University of Georgia officials have revealed their plans for the Baldwin Hall memorial, designed to honor the lives of the slaves whose remains were found during construction in 2015.
The design includes an elevated fountain in the center of the memorial plaza, a granite marker with an unannounced inscription and two granite benches.
UGA President Jere W. Morehead selected 18 campus and community members who sat on the Baldwin Hall Memorial Advisory Task Force, the authority that recommended the design of the memorial.
“I am grateful to Dr. Cook and the members of the task force for their compassion, thoughtfulness and dedication to this important endeavor for our campus community,” Morehead said in a press release. “The memorial they have helped to develop not only will further honor the lives of the individuals whose remains were discovered, but it also will serve as a source of contemplation and inspiration for generations to come.”
A quarry on the Millie Long Estate in Oglethorpe County will donate 35,000 pounds of granite for the design.
Michelle Garfield Cook, vice provost for diversity and inclusion and strategic university initiatives and chair of the task force, is a member of the family that owns the quarry.
“Our family is proud to contribute to this historic project, which will serve as permanent tribute to the memory of these individuals,” Cook said in the release. “This project is particularly important to me because of my own family history in the Athens area, which dates back more than 150 years. It was an honor to work with the task force to design a memorial that will provide a tranquil, reflective place for our entire community.”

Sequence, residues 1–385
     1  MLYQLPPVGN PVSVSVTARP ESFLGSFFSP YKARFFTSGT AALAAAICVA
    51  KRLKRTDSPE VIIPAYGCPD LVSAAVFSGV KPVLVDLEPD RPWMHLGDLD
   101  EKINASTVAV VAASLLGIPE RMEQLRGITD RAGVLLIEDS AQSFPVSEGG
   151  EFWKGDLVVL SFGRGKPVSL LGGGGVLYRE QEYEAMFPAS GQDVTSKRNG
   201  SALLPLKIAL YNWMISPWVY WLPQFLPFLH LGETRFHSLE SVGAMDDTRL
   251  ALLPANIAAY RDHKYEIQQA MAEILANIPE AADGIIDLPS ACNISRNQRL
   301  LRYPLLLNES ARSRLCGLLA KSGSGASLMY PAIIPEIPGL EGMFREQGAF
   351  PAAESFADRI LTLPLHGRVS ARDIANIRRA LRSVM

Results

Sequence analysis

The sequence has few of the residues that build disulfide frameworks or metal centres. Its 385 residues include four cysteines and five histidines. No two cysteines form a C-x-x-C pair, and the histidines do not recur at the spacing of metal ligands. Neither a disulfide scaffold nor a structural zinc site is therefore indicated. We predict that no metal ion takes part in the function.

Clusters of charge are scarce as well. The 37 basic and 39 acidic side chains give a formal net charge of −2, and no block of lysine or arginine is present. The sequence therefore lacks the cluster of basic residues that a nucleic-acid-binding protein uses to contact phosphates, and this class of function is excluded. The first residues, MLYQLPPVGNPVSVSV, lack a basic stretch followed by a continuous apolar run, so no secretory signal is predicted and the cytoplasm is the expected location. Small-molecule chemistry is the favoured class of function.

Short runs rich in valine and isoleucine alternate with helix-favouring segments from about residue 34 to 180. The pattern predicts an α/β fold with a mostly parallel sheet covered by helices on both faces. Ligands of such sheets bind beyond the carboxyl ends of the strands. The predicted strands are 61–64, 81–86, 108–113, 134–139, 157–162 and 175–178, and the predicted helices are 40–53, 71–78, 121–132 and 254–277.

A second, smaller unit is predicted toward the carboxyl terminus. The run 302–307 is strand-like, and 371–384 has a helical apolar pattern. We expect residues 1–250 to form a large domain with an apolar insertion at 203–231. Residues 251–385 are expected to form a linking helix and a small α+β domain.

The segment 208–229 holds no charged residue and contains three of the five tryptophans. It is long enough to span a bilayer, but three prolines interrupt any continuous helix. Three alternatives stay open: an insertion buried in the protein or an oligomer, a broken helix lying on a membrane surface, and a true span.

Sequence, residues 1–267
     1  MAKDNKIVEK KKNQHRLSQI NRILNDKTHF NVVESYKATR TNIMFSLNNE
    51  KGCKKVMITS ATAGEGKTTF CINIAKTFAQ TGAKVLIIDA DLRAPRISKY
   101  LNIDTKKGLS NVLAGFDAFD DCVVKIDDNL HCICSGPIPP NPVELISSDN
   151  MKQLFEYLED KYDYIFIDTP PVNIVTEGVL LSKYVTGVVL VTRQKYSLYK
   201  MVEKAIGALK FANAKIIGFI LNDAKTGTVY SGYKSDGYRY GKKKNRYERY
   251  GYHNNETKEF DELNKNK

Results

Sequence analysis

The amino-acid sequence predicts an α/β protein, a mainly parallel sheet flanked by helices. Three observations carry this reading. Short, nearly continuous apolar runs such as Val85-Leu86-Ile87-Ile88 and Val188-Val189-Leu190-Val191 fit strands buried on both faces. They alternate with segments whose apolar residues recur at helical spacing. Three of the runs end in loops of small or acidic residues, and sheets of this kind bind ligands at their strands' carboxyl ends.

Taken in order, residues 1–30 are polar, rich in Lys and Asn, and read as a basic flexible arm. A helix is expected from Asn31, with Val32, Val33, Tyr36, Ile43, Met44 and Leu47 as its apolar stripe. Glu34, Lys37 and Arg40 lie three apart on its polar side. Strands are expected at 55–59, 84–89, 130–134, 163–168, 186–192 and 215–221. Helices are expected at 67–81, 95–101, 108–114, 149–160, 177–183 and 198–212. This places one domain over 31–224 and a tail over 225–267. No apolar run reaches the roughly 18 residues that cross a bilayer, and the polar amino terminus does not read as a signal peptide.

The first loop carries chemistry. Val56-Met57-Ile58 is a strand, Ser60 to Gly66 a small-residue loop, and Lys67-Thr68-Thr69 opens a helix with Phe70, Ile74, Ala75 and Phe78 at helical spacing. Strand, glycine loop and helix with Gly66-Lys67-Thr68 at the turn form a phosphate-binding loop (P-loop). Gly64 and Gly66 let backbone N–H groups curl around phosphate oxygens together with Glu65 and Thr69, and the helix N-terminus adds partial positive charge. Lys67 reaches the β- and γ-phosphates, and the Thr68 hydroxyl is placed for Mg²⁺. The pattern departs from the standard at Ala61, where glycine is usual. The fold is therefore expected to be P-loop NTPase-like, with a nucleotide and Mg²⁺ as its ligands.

Linda Davis, coordinator for the Brooklyn Cemetery restoration who has previously been vocal about UGA’s handling of the Baldwin Hall remains, praised the design.
“When I saw the initial drawing, I thought ‘Oh my goodness,’’’ Davis said. “This really is a stately memorial and a fitting memorial.”
Davis said she was pleased by the selection of task force members, but would have liked representation from UGA’s history, African American studies or anthropology departments.
“A lot of new faces are there, and those faces represent parts of the community that have not been included in the past,” Davis said. “It always pleases me when we are widening the social fabric of the network so that people actually can be a part of something that is happening at the university.”
Among the task force members was Student Government Association President Ammishaddai Grand-Jean. SGA Vice President Charlene Marsh had previously advocated for a monument honoring the slaves, which then-President Cameron Keen vetoed last spring, citing factual issues.
After multiple requests, SGA executives declined to comment.
Co-chair of the Athens Area Black History Committee Fred Smith, who praised the monument as a step forward, criticized the exclusion of campus and community members who had previously been outspoken on UGA’s handling, in an email.
In the etching, Smith hopes to see a historical account of the site’s function as a slave cemetery in the late 1700s, the cemetery’s subsequent closure in 1859 and the removal and relocation of remains since 1938. Smith also said it is important for the etching to acknowledge the contributions made by slaves to UGA and Athens.
“There should be a clear acknowledgement that people still are buried there,” Smith said.
Construction on the memorial will begin soon, the press release said. Plans for a dedication ceremony will be announced later this fall.
Clarification: In a previous version of this article, Linda Davis was referred to by a different title.